The book is a quick read compared to most technical books, and not just due to its relatively small size (168 pages), but also the writing style. Admittedly, this may be partly the result of O'Reilly's in-house and perhaps outsource editors — oftentimes the unsung heroes of publishing enterprises. This book is also valuable in that it offers the candid perspective of a Web performance expert, who never loses sight of the importance of the end-user experience. (My favorite phrase in the book, on page 38, is: "...the HTML page is the progress indicator.")

The ease of implementing the rules varies greatly. Most developers would have no difficulty putting into practice the admonition to make CSS and JavaScript files external, but would likely find it far more challenging, for instance, to use a content delivery network, if their budget puts it out of reach. In fact, differences in difficulty levels will be most apparent to the reader when he or she finishes Chapter 1 (on making fewer HTTP requests, which is straightforward) and begins reading Chapter 2 (content delivery networks).

In the book's final chapter, Steve Souders critiques the top 10 sites used as examples throughout the book, evaluating them for performance and specifically how they could improve that through the implementation of his 14 rules. In critiquing the Web site of his employer, he apparently pulls no punches — though few are needed, because the site ranks high in performance versus the others, as does Google. Such objectivity is appreciated.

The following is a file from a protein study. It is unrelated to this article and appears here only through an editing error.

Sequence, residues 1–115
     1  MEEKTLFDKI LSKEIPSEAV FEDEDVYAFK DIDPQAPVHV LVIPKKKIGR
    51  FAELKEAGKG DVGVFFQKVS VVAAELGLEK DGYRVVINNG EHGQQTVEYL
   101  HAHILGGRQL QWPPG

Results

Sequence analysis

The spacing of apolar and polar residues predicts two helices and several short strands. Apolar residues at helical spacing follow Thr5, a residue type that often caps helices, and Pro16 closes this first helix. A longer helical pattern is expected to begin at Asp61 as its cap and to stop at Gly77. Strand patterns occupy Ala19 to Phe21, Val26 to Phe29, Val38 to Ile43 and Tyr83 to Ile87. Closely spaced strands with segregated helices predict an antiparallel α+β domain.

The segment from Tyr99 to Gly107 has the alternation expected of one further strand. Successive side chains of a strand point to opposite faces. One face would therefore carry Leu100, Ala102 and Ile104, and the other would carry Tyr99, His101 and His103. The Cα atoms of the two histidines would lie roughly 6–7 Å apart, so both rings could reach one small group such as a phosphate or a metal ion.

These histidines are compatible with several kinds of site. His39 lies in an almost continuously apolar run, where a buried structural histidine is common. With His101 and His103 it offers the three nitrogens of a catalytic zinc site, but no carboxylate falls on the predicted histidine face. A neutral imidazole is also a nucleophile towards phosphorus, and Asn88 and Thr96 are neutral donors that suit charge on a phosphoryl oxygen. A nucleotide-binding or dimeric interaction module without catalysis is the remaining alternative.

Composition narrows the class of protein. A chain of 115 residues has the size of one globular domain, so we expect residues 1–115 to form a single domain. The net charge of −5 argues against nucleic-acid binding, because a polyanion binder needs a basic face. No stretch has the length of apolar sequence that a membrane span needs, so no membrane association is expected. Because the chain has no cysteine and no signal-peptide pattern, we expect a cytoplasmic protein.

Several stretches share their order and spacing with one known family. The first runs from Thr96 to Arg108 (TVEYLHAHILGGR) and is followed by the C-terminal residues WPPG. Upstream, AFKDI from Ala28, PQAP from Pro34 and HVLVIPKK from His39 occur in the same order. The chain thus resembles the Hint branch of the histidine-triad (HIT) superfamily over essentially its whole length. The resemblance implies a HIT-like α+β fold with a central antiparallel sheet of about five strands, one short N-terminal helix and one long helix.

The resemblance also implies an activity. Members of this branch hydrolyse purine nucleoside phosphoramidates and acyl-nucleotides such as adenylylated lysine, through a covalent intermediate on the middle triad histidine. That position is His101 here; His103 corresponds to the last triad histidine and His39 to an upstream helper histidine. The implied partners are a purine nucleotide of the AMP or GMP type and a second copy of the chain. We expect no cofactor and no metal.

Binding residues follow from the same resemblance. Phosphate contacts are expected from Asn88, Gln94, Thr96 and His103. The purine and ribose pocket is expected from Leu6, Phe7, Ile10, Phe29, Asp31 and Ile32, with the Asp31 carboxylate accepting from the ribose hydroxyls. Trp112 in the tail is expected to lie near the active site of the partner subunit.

For Web developers who would like to test the performance of the Web sites for which they are responsible, the author mentions in his final chapter the five primary tools that he used for evaluating the top 10 Web sites for the book, and, presumably, used for the work that he and his team do at Yahoo. These include YSlow, a tool that he created himself. Also, in Chapter 5, he briefly mentions another of his tools, sleep.cgi, a freely available Perl script that tests how delayed components affect Web pages.

As with any book, this one is not perfect — nor is any work. In Chapter 1, the author could make more clear the distinction between function and file modularization, as otherwise his discussion could confuse inexperienced programmers. In Chapter 10, the author explores the gains to be made from minifying JavaScript code, but fails to do the same for HTML files, or even explain the absence of this coverage — though he does briefly discuss minifying CSS. Lastly, the redundant restatement of the rules at the end of every chapter, can be eliminated — if only in keeping with the spirit of improving performance and efficiency by reducing reader workload.